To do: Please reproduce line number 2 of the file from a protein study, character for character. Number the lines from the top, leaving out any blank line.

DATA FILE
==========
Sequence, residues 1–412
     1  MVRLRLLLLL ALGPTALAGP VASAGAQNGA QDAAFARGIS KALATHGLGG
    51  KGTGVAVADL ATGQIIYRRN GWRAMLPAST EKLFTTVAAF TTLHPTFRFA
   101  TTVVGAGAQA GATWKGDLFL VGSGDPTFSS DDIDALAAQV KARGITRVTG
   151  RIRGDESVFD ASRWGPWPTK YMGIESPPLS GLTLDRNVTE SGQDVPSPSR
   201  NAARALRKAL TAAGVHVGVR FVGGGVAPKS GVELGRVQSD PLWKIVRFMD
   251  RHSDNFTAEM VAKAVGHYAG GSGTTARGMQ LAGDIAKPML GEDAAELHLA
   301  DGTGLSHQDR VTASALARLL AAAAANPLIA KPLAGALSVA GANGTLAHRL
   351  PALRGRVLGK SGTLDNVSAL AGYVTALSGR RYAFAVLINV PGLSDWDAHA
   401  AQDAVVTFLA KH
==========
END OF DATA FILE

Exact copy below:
     1  MVRLRLLLLL ALGPTALAGP VASAGAQNGA QDAAFARGIS KALATHGLGG